Having taught chemistry at all levels for many years, I know that teachers are all about borrowing/stealing from other teachers — God knows I did my share as a beginning teacher. Even with the wealth of resources out there, though, sometimes I was unable to find handouts with the content I wanted. I also noticed that students tended to lose their handouts, so I set about solving these two problems by making my own handouts that were so fun that students would want to save them all — and hopefully actually read them. In an effort to give back to the community that has helped me so much, I've starting posting handouts on my Cation Design blogspot.
Shown below and on the next page are a couple of my handouts. I’ve been surprised by how much of a difference some cute pictures can make; you’d think that high school students were above that sort of thing, but apparently not! I’ve had alumni come back and tell me that these handouts were the only notes they kept from high school, and that they found them helpful even in their general chemistry classes in college.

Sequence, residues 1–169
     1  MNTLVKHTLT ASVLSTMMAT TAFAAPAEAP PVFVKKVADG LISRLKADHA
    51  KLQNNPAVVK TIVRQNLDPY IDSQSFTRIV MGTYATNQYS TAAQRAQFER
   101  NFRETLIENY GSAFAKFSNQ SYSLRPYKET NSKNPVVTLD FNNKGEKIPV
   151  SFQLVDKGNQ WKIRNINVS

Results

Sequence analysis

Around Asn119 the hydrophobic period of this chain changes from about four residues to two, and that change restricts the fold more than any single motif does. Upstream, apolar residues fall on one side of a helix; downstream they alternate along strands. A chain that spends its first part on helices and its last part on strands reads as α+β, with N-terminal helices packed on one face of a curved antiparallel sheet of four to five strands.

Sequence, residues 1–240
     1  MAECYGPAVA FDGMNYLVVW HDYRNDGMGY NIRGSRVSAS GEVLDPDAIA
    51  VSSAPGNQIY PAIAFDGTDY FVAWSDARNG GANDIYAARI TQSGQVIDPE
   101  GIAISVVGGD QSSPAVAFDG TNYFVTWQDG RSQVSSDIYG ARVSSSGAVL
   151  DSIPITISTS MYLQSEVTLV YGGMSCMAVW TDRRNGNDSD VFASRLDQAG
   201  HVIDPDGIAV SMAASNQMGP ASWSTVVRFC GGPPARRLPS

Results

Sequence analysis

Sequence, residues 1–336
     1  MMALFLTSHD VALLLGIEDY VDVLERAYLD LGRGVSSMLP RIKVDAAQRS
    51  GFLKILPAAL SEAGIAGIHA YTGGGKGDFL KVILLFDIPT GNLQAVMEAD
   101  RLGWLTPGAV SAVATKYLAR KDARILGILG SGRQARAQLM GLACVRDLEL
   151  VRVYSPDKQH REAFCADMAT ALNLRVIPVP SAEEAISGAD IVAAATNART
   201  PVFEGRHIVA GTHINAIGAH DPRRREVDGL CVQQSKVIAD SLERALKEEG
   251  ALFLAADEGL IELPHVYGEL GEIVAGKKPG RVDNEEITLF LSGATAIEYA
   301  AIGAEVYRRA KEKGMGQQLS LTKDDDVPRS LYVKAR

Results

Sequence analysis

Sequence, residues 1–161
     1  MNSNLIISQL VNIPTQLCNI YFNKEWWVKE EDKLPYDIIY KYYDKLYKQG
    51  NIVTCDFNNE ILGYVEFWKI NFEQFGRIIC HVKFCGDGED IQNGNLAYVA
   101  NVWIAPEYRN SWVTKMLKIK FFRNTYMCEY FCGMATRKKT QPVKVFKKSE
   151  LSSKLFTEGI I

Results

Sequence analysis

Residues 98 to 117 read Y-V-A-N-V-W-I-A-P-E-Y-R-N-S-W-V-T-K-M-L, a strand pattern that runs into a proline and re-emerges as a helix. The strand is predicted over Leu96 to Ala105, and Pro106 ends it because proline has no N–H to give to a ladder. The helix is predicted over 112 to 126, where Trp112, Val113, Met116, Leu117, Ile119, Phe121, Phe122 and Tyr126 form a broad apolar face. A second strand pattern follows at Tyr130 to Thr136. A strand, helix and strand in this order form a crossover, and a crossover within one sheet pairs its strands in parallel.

The blog has handouts on making observations, evidence of chemical reaction/change, solutions and the electromotive force series. As well, there are a couple of mole cartoons.
One of the constant challenges we face as chemistry teachers is lab safety. It can be easy for students to become blasé about that beginning of the year lecture, especially if they feel like they hear it every year, so I switch things up with the following handout. Instead of me telling them what not to do, I ask students to pick out what’s wrong. From the silly (icing a cake with a pipet!) to the serious (wafting instead of inhaling fumes directly), there are enough things to point out that a good number of students can be given a chance to participate. This drawing was actually done by my sister; she was a chemistry student herself when I first started teaching, and I commissioned her to do this piece to help me out.
This gas laws handout summarizes the main laws, as well as provides tongue-in-cheek illustrations of the concept. I introduce each law and use the comics to help students remember what the calculations mean in terms of particle behavior. For example, with Charles’ law, I use the analogy that when it’s cold outside, people are happy to huddle together, but once it gets warmer — and they get sweatier — they move farther and farther apart. For Boyle’s law, pressure in the form of a dragon causes the people to get closer together, i.e., decrease their volume. Dalton’s sum of partial pressures is like when students have multiple stressors, which are cumulative, resulting in the feeling of intense pressure or stress on them.